The unit included loose housing for cows in the winter, calving pens, a number of stalls for groups of growing animals, box stalls for bulls, and numerous box stalls for one or two animals being developed for use in classes, student activities, and for showing. Feed storage was provided in three upright silos and a haymow above the entire lower level. The office area included rooms for students who worked at the barn. In 1931, lightning ignited a fire and the entire building was destroyed. It was replaced immediately. In 1958 the entire roof of the east wing was destroyed by fire and replaced the following year. The barn was razed in sections in the late 1980s to provide space for the National Soil Tilth Laboratory and the Linear Accelerator addition to the Meat Laboratory along with additional parking space. The National Swine Research and Information Center now occupies a part of the site.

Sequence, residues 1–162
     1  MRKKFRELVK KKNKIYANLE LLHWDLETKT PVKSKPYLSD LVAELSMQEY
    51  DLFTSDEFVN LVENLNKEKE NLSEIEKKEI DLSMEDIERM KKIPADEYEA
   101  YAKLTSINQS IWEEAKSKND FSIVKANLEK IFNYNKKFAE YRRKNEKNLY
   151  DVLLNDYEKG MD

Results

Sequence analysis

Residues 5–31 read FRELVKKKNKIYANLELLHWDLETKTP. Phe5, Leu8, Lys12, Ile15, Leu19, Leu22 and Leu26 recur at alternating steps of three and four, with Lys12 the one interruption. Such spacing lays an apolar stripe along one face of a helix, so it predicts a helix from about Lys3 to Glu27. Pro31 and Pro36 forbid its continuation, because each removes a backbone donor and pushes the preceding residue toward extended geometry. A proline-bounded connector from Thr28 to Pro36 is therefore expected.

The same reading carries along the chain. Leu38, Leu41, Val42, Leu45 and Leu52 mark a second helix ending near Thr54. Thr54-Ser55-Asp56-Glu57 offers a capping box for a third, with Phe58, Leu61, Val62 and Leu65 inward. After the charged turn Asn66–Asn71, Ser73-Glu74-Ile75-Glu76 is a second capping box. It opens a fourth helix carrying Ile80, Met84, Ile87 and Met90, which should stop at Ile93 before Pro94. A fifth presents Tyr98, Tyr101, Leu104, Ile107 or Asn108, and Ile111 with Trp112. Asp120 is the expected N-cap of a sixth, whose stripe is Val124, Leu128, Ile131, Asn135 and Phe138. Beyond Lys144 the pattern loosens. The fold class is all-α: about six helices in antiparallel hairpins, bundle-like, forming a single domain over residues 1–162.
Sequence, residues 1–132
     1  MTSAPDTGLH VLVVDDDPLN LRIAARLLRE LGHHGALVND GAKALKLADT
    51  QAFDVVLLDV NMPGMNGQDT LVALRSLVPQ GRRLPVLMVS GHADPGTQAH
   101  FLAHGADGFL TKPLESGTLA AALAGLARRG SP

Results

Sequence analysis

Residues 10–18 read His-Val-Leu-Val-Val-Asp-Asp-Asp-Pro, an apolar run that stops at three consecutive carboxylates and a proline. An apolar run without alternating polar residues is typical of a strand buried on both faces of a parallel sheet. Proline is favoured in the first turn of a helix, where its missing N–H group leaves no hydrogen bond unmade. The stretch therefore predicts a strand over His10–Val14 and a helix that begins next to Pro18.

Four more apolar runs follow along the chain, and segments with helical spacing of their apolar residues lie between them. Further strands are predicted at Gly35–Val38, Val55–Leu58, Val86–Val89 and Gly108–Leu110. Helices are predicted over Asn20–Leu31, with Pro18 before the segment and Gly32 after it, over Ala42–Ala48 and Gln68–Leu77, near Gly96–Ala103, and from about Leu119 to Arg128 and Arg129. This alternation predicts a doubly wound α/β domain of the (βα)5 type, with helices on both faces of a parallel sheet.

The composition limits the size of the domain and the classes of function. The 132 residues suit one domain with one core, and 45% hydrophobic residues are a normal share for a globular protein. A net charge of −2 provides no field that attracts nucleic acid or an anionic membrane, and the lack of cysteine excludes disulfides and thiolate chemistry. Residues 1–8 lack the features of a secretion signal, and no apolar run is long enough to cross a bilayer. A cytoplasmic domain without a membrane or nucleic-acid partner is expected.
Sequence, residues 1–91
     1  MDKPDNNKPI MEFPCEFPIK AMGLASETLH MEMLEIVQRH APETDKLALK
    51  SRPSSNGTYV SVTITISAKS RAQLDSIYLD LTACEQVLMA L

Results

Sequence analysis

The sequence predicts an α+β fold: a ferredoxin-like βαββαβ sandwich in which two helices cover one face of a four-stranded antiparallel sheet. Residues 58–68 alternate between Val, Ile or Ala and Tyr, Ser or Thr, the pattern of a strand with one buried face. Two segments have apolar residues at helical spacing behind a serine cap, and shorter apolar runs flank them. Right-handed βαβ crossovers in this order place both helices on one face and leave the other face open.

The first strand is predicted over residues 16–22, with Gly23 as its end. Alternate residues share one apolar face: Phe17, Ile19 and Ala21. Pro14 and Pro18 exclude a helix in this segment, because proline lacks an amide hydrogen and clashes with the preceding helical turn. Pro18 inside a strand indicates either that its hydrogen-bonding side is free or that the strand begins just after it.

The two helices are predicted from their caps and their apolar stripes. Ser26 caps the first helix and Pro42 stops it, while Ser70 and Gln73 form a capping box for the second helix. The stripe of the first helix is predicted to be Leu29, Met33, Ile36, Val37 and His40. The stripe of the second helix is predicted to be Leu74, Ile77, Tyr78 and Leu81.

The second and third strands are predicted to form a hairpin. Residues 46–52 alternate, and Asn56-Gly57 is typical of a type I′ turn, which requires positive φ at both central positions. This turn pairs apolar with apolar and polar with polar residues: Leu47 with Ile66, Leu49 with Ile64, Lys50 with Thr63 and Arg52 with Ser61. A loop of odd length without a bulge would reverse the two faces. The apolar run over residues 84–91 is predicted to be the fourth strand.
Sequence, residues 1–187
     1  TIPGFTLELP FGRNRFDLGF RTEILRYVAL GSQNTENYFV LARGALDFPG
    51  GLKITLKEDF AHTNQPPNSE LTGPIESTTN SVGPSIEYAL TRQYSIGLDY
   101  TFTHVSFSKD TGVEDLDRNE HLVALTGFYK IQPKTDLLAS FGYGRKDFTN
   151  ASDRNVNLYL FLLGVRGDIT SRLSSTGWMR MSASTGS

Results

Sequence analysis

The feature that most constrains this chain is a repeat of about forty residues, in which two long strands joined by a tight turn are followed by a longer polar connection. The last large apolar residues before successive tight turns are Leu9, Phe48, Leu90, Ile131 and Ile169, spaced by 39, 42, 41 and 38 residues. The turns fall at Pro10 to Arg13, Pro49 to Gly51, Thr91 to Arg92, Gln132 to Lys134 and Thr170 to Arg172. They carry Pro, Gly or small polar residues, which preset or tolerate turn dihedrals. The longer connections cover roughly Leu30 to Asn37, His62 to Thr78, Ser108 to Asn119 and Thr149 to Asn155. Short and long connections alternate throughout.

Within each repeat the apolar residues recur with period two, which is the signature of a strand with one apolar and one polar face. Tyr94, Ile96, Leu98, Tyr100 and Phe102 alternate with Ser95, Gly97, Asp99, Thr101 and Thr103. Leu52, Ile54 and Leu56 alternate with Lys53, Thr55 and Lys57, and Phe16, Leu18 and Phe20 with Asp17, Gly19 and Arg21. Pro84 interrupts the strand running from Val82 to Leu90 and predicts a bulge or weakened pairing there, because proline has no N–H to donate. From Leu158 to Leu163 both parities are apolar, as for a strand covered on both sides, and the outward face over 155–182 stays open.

In the late 1800s and early 1900s new methods and materials for constructing silos were being developed. The beef barn included three silos. The design of the original silos and construction materials is not documented; however, it is clear from examining photographs that the University was building silos of all different types during this period. Farmers were adopting ensiling as a method for preserving and storing corn and to some extent grasses and legumes. The numerous types of silos built on campus probably had some value in demonstrating design, materials, and management of the various types of units. The silos at the Beef Barn after the 1931 fire included two constructed of hollow clay tile and one (probably constructed later) was built with concrete staves, a type of silo block that remains in widespread use today. During the early years of the 20th century a lot of effort was invested in the design of silo building blocks. Matthew Leander King was a proponent for the use of hollow clay tile in building silos and other farm structures during this period. His position at Iowa State College was Experimentalist in Agricultural Engineering, Iowa Agricultural Experiment Station. King's paper, Hollow Clay Blocks for Farm Buildings (published in Transactions of the American Society of Agricultural Engineers in, Volume IV, December, 1910), attests to his strong support for use of such blocks for all types of farm buildings. Over the years numerous Iowa State barns, silos, and grain storage facilities were built on campus utilizing hollow clay tile blocks. King was active in developing alternate designs for masonry blocks during these years and in 1920 was issued a patent for a new hollow clay tile design (U.S. Patent No. 1350656, dated August 24, 1920). Supporting materials for the patent application suggested that advantages of the King design were related to more rapid masonry construction that required less labor and less mortar to join the blocks. The patented blocks were for masonry construction generally and not designed exclusively for silos. According to some news accounts, the first silo utilizing these patented blocks was constructed on the Iowa State campus. The site of this particular silo does not appear in University records. During the 1920s, the use of clay tile for silos gave way to use of large, elongated, vertically-placed concrete staves (a type of block that some farmers remember being used prior to World War II) with specialized joint design to accommodate silos of any diameter.